Back east, Hoxie Bros. Circus - purple trucks and all - was in its fifth season and doing okay. Opening April 12 at Cairo, Ga., the show had a 60 with a 40 and two 30s, with new canvas ordered for August delivery. It started with a spec, like a show should, and gave them 80 minutes worth of performance. Admission was $1 and 50c. It used no phones but had auspices and tried not to repeat towns. There were six ponies, two horses, an organ, 1,000 seats, the Dime Wilson Family and two elephants. The Hoxie show moved on eight trucks back and was routed to Tennessee in May, Ohio in June, Pennsylvania in July and then back South.
Von Bros. Circus had agent trouble enough to force it to miss a few days during the summer. But it got in 23 weeks between opening day in Muncy, Pa., April 24, and closing day in the same state September 30. At its Sweet Valley, Pa., quarters, Von had added a third elephant, which came from Hunt like the other two. It had cages on a semi. There were 2,000 seats, including reserved chairs. The Conleys closed in mid-season because of the health of one. Phones were used where possible, and the circus gave a few street parades. There was a band of seven pieces. The canvas was replaced with a new U.S. Tent layout in mid-season. This show played New Jersey, New York, Connecticut, Massachusetts, and Maryland. Business was reported to have been big, with tickets at $1.50 and $1.
This was high dollar season for Sells & Gray Circus. The show had two bulls, 12 trucks, a hippo, cat act, phones, 1,600 seats including reserved chairs, organ, drums, and a 75-minute performance. The five-lion act was an important addition this year.
Sells & Gray opened April 4 at Sarasota quarters and tapped strong business in the South. By May it was in Pennsylvania, and on June 1 it had a blow-down at DuBois. It used the side show top the next five days. The show was in Ontario all of July and returned to the states at Massena, N.Y. August 22. The tour of 12 states and two provinces ended October 2 at Statesville, N.C.
Its sister show, King Bros., started April 10 at Sandy Springs, Ga. It, too, had 12 trucks. There also was a used 90 with three 30s, new canvas banners, two bulls, phones, reserved chairs, and a band of three. The performance ran 90 minutes.
Birnam Bros. Circus came out of San Antonio to open at Pleasanton, Texas, March 6 with three bulls and a 70 with three 30s. There were six trucks and a new lighting system. It continued strong use of printed advance material. The route took it to Kansas and Missouri on the way to Chicago territory, and then western mountain territory. The show used sponsors but no phones. Admission was 75c to all and the performance ran 80 minutes. There were 1600 seats. Two of the elephants were bought from Little Bob Stevens.
It was a struggle for Beers-Barnes to stay out, largely because of booking. It came through the Carolinas in May and the Virginias in June. About July 1 it was laying off at Canfield, O., because it had no route. Family members went up ahead to book and then resumed the tour. It got out of such pressure when Agent Gene Christian came back to this, his home show, after the closing of Famous Cole.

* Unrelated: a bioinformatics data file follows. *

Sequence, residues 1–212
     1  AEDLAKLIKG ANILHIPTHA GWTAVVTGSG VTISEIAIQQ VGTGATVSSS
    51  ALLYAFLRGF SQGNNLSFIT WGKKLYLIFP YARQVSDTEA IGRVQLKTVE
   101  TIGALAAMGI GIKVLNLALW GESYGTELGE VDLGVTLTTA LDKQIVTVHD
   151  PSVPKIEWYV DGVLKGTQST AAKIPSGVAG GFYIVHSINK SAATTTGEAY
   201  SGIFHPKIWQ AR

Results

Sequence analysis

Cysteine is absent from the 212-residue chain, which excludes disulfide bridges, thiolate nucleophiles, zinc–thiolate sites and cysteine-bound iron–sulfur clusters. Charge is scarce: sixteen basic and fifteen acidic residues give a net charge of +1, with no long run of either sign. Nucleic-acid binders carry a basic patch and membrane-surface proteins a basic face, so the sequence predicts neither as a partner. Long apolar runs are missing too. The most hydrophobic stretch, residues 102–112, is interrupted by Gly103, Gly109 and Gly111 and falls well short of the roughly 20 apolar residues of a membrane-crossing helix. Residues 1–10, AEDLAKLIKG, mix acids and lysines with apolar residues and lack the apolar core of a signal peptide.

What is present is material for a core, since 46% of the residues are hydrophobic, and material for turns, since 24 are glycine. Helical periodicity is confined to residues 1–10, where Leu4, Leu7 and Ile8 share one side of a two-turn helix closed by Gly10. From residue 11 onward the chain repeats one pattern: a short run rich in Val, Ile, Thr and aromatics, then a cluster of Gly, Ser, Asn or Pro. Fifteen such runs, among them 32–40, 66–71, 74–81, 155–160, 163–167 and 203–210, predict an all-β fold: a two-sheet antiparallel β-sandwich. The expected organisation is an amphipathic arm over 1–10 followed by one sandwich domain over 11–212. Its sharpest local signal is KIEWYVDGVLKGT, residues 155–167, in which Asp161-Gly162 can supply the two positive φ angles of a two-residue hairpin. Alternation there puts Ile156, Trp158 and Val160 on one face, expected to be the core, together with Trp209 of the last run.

Bob Couls' Famous Cole was one of several shows that took it on the chin this year. It opened March 24 at Clarksville, Texas, with 10 trucks back and two ahead. The show used auspices. Business was weak most of the time. In July there were reports that wages had been cut. It had then played Tennessee and Kentucky, Indiana and Illinois. The show closed July 25 at Lamar, Mo., and returned to Hugo quarters. It moved to open in August with a shopping center outfit, and some animals were sent to the Atayde's second unit in Mexico.
Similarly, Clark & Walters closed early. This Herb Walters show came out of Hugo April 19 and headed for Kansas and Nebraska. It had three bulls and got a fourth when Famous Cole closed. In June the show was out of route and the owner went ahead to book towns in North Dakota. A 50% wage cut was rumored at about the same time. It closed September 5 at Trenton, Texas, and got back in Hugo on Labor Day.
Still another loser out West was the Fairyland Circus. Obert Miller sold it to Sonny Noel. Opening was March 6 at LaGrange, Texas. It was routed in Texas, Kansas and Nebraska, but reportedly closed in mid-season.
Robert Earl Circus opened April 7 and played in Florida, Georgia, Alabama, Kentucky, Ohio and Pennsylvania. It was in Pennsylvania in May. But by August it was reported closed, a loser.
Robbins Bros, was a Hugo show in the spring and a Sarasota show by late summer. It had a new 85 with three 40s, ten trucks, 1600 seats, and high hopes for playing shopping center lots. Milt Robbins turned up in March and asked payment for use of his title. Jack Smith got his outfit underway April 9 at Hugo and went to the Dallas area first. Donnie and Ione Mclntosh had the concessions. Don Basham fell from his aerial rigging April 19. Ten days later they were in Norman, Okla. But three weeks was the whole story. After that it went back to Hugo intact and tried to raise new money. During the summer it moved everything to Sarasota, and Charlie Campbell joined out as general manager. The show made a pitch to fans and others for the sale of both stock and reserved chairs, and it was planning 1966 action.
Still another hardluck show was Graham Bros., which under that name or the Wallace & Clark title, had played several partial seasons by now. Pat Graham opened it out of San Dimas, Calif., quarters, with the first shows at Montclair, Calif., April 2. It moved on ten trucks and had some animals from Gene Holter. But once again the route was short.